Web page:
FIGS. 3 and 4 correspond to FIG. 1 and FIG. 2 respectively, but show, instead of the flattened strength members 5, the use of strength members 5 of circular cross-section held in the inner jacket layer 6 in the same manner as described with reference to FIGS. 1 and 2.

Referring to FIGS. 5, 6 and 7, it will be seen that again similar components exist, but, in FIG. 5, is shown an assembly corresponding generally to FIG. 3, with the exception that the strength members 5 are pre-coated by a spacing layer 8 before being formed around the first layer of thermo-plastic rubber, while in FIG. 6 an assembly is shown which omits the spacing layer 4, and the coating on the strength members may contact the wrap whereas, in FIG. 7, the strength members 5 are arranged on a larger radius to be supported in the inner jacket layer 6, away from the paper wrap 3.

The resultant streamer thus comprises an inner assembly consisting of a core 1 of a resilient buoyancy material over which is placed a data bearer layer 2 and the inner assembly so formed is protected by a sealing wrap 3 which may be made of paper, any voids in the assembly being filled with a gel 11 if necessary, the data bearer layer comprising braided signal transmission lines 12 as signal transmission means.

Directly over this assembly, but spaced therefrom, optionally by a spacing layer 4, are the strength members 5 which are embedded in the inner jacket layer 6, and these are located by being potted in the TPR inner jacket layer 6 and are prevented by this potting layer from being displaced when, for instance, the streamer is wound onto a bollard or the like.

The strength members 5 can be supported by any suitable means during the potting in the inner jacket layer 6, and, after application of the inner jacket layer 6 around the strength members 5, the polyurethane outer jacket layer 7 is applied by extruding it over the inner jacket 6.

It will, of course, be clear that the arrangement can be varied within the spirit of the invention. For instance the elliptical strength members 5 as shown in FIGS. 1 and 2 could be pre-coated with a spacing layer as shown for instance in FIGS. 5, 6 and 7, variations of this nature being within the spirit of the invention, which is directed to the particular arrangement of strength members in an inner jacket layer formed around an inner assembly and protected on the outer side by an outer jacket layer.

From the foregoing, it will be seen that the invention relates to improvements in and to towed streamers and to a method for manufacturing them, in which the towed Streamer may form a means of towing an array, or may form the array itself. The streamer may be of modular construction and may be used to tow an array.

Patent Citations
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Referenced by
Citing PatentFiling datePublication dateApplicantTitle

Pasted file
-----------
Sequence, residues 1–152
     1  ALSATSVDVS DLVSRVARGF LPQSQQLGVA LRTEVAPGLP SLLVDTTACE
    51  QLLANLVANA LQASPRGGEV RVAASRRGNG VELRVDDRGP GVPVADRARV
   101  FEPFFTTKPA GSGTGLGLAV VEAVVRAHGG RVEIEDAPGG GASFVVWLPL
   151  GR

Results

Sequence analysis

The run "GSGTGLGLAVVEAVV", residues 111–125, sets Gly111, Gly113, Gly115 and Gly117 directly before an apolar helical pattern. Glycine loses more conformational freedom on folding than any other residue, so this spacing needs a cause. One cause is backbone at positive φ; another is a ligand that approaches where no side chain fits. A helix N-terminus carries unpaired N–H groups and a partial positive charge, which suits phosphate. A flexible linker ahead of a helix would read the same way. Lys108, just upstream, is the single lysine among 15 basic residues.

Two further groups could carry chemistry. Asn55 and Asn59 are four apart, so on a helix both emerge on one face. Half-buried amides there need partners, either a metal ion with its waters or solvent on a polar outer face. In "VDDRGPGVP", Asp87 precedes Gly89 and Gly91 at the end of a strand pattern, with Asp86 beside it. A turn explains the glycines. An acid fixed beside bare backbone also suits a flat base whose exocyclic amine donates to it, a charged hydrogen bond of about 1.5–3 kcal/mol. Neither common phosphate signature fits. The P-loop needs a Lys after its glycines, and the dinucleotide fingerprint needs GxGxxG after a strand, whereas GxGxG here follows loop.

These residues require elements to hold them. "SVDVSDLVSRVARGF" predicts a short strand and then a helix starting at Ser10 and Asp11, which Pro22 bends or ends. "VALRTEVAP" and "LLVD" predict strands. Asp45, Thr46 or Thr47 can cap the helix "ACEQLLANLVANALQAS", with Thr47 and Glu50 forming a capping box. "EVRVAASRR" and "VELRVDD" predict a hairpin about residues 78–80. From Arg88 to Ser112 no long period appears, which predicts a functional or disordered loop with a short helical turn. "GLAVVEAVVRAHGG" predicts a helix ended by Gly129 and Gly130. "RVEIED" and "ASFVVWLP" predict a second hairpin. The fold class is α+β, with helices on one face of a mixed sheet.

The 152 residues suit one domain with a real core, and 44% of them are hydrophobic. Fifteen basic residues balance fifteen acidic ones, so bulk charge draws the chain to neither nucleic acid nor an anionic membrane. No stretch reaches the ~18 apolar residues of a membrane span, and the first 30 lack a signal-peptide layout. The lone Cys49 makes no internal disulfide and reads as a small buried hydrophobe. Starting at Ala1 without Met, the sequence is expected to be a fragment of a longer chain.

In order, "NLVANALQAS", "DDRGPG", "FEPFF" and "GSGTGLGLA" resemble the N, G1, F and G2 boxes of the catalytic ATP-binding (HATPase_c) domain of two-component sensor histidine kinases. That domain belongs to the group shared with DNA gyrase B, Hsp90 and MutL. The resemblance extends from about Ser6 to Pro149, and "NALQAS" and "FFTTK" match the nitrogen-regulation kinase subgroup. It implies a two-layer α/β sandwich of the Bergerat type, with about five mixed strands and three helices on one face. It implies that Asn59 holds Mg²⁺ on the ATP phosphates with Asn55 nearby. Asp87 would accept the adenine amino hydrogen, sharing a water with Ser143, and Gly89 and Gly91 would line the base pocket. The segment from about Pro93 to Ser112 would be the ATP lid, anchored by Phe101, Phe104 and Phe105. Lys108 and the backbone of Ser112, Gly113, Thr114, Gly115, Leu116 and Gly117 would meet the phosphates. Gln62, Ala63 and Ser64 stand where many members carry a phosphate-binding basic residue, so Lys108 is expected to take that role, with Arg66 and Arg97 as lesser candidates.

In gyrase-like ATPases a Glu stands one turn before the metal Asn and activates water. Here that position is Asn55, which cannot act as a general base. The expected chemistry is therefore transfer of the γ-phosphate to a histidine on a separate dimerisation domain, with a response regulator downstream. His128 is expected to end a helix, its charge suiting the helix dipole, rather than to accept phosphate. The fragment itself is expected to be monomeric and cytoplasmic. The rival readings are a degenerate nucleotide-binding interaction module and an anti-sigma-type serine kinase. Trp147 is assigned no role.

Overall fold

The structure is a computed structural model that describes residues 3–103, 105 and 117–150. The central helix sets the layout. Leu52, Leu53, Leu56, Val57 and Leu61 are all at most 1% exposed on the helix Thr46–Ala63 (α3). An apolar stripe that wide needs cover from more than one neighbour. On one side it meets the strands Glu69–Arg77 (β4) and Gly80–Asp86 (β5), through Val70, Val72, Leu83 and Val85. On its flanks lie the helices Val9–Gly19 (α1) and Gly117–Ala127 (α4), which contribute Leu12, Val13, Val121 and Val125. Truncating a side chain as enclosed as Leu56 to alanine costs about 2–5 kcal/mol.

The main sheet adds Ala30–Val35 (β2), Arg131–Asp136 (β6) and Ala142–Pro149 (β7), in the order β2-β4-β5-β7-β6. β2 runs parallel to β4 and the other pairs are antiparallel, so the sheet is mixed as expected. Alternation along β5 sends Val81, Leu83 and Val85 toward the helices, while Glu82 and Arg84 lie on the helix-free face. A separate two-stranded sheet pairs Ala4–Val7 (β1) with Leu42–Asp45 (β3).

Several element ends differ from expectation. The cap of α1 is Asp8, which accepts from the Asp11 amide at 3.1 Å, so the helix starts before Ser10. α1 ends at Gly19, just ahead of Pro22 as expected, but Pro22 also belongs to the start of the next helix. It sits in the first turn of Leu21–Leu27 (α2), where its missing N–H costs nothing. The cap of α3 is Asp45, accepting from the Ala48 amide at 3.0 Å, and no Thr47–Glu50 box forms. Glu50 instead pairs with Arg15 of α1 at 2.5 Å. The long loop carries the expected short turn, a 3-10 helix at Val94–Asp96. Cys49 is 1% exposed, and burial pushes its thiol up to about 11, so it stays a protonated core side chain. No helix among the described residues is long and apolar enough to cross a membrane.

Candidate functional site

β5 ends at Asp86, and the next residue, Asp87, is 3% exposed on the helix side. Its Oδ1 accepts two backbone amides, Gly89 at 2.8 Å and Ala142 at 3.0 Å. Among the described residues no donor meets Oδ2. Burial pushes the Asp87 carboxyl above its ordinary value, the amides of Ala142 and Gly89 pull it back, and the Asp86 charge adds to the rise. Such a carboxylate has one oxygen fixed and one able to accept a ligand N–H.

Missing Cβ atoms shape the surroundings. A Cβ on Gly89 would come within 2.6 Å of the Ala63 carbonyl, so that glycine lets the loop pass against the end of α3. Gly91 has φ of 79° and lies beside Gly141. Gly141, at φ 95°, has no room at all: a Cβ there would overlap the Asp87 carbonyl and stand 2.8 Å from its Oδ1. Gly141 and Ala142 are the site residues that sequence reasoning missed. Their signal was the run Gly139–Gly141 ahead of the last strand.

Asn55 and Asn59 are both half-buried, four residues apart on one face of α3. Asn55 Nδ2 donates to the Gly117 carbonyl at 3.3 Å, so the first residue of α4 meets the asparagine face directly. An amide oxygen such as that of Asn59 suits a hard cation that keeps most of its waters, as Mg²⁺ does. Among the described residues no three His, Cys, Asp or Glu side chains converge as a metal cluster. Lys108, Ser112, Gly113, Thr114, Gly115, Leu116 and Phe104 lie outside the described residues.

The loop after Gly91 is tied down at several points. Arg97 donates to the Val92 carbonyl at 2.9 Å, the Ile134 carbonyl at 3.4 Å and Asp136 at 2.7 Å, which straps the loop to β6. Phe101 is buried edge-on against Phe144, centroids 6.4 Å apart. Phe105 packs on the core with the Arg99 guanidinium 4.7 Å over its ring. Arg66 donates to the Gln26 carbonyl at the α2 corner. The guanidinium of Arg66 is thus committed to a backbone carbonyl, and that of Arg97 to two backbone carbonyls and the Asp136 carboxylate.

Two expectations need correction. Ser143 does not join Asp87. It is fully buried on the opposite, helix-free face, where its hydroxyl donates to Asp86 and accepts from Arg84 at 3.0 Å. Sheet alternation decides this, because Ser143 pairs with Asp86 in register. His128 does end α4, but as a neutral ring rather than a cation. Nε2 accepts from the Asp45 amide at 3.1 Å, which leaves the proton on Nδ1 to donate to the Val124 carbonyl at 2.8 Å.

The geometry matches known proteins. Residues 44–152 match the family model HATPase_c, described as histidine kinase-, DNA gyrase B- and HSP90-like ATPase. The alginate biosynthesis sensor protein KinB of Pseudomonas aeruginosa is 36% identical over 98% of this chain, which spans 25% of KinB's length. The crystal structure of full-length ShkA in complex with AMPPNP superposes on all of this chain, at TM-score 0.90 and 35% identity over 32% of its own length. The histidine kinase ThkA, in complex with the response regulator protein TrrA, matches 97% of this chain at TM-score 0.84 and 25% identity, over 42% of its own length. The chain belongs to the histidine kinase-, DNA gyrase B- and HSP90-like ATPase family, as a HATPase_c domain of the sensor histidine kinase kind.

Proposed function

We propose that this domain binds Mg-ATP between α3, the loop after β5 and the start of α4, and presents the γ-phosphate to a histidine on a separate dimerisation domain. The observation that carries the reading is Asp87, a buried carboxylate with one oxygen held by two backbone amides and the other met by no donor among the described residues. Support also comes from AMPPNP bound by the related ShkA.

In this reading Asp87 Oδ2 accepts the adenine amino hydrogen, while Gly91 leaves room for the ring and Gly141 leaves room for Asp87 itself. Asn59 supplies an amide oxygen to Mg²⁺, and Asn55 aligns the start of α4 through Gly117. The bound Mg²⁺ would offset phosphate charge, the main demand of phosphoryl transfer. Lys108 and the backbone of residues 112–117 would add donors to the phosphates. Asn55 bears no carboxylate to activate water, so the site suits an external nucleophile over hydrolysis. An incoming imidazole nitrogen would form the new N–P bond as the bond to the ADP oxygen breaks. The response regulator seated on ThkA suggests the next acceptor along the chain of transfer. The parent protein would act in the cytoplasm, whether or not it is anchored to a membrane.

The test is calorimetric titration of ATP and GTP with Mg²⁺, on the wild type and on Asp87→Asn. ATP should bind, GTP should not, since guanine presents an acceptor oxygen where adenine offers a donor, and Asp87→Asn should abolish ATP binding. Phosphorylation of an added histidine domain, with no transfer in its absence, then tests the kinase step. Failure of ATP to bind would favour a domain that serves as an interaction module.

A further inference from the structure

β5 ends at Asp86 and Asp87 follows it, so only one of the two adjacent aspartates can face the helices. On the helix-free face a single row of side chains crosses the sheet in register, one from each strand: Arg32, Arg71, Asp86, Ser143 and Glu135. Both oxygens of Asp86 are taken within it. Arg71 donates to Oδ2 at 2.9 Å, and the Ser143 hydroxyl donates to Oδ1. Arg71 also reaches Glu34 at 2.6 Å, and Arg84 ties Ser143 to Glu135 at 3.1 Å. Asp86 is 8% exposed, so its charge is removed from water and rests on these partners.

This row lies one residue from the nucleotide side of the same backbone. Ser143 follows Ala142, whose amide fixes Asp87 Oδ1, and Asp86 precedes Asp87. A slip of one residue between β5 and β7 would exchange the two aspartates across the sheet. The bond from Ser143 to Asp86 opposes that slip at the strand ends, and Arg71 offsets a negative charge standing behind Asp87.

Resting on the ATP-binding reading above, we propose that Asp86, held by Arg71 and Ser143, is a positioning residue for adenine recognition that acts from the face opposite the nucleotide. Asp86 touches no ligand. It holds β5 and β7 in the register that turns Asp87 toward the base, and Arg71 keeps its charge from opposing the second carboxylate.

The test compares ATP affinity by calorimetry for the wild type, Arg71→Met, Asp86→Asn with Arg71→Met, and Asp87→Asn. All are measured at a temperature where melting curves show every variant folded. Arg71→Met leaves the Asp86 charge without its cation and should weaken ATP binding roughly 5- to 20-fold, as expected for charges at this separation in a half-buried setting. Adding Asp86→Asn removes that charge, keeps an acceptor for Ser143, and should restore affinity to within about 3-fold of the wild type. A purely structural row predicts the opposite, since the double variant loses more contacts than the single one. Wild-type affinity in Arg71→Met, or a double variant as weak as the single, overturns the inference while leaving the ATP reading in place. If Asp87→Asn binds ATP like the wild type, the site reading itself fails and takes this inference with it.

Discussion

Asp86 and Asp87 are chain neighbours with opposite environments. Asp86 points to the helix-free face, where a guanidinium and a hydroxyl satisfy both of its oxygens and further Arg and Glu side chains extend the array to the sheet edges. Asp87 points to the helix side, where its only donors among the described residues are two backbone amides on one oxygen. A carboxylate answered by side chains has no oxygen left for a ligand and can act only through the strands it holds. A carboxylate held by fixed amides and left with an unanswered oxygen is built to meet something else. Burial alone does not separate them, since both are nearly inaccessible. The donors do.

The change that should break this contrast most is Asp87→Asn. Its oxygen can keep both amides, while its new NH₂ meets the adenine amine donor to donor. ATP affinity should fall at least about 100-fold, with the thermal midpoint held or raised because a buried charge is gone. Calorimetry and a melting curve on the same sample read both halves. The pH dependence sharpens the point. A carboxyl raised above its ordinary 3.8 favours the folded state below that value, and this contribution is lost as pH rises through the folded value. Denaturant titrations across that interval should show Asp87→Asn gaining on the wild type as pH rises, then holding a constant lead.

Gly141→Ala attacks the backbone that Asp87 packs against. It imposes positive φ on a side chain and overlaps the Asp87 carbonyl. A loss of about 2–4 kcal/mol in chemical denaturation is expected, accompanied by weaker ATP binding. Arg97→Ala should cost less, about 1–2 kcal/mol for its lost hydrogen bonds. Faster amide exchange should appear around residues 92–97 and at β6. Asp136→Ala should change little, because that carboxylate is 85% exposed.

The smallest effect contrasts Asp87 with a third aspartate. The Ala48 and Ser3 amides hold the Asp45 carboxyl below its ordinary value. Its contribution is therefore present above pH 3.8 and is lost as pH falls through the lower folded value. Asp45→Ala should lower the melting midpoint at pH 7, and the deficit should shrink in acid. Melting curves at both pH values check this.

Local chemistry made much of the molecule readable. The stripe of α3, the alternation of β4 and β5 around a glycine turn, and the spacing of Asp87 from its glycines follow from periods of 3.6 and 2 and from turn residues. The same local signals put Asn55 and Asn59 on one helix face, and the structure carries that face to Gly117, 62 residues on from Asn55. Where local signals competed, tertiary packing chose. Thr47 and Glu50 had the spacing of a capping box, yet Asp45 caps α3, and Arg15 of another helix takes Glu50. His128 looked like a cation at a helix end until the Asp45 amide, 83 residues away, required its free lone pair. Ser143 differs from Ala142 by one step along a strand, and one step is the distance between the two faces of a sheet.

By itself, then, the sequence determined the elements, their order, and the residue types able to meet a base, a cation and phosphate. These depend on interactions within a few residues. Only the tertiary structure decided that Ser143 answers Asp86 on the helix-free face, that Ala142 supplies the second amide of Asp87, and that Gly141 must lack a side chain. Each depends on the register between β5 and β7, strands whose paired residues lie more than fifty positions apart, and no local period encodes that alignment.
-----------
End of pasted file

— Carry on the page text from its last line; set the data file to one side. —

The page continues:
US5272679 *Jun 25, 1992Dec 21, 1993Australia Sonar Systems Pty LtdTowed array jacket
US5471436 *Feb 21, 1992Nov 28, 1995Gec Marconi Systems Pty Limited Acn 003 890 515Vibration isolation modules (VIM) for towed array streamers
US5745436 *Jun 20, 1995Apr 28, 1998Geco A.S.Semi-dry marine seismic streamer cable section
US5781510 *Jan 17, 1997Jul 14, 1998Input/Output, Inc.Hydrophone housing for a solid marine seismic cable
US6188646Mar 29, 1999Feb 13, 2001Syntron, Inc.Hydrophone carrier
US6614723Aug 6, 2001Sep 2, 2003Input/Output, Inc.Acoustic sensor array
US7693005 *Sep 9, 2008Apr 6, 2010Pgs Geophysical AsSensor streamer having two-layer jacket
US9250342 *Jul 24, 2009Feb 2, 2016SercelSeismic streamer formed of sections comprising a main sheath covered with an external sheath formed using a thermoplastic material loaded with a biocide material
US20100020644 *Jul 24, 2009Jan 28, 2010SercelSeismic streamer formed of sections comprising a main sheath covered with an external sheath formed using a thermoplastic material loaded with a biocide material
US20100061189 *Sep 9, 2008Mar 11, 2010Andre StenzelSensor streamer having two-layer jacket
Classifications
U.S. Classification174/101.5, 367/20, 367/130, 367/144, 367/154, 367/106
International ClassificationH01B7/12, G01V1/20, D07B1/20
Cooperative ClassificationH01B7/12, D07B1/20, G01V1/201, D07B1/147
European ClassificationH01B7/12, G01V1/20B, D07B1/20
Legal Events
DateCodeEventDescription
Jan 17, 1990ASAssignment
Owner name: PLESSEY AUSTRALIA PTY. LIMITED, AUSTRALIA
Free format text: ASSIGNMENT OF ASSIGNORS INTEREST.;ASSIGNOR:HARVEY, ANTHONY P.;REEL/FRAME:005222/0751
Effective date: 19891110
Feb 16, 1993ASAssignment
Owner name: COMMONWEALTH OF AUSTRALIA, THE, C/- SECRETARY, DEP
Free format text: ASSIGNMENT OF ASSIGNORS INTEREST.;ASSIGNOR:SIEMENS PLESSEY PROPERTIES PTY. LIMITED;REEL/FRAME:006434/0819
Effective date: 19921207
Owner name: SIEMENS PLESSEY PROPERTIES PTY. LIMITED, AUSTRALIA
Free format text: CHANGE OF NAME;ASSIGNOR:PLESSEY AUSTRALIA PTY. LTD.;REEL/FRAME:006434/0815
Effective date: 19920819
Sep 26, 1995REMIMaintenance fee reminder mailed
Nov 17, 1995FPAYFee payment
Year of fee payment: 4
Nov 17, 1995SULPSurcharge for late payment
Sep 14, 1999REMIMaintenance fee reminder mailed
Feb 20, 2000LAPSLapse for failure to pay maintenance fees
May 2, 2000FPExpired due to failure to pay maintenance fee
Effective date: 20000218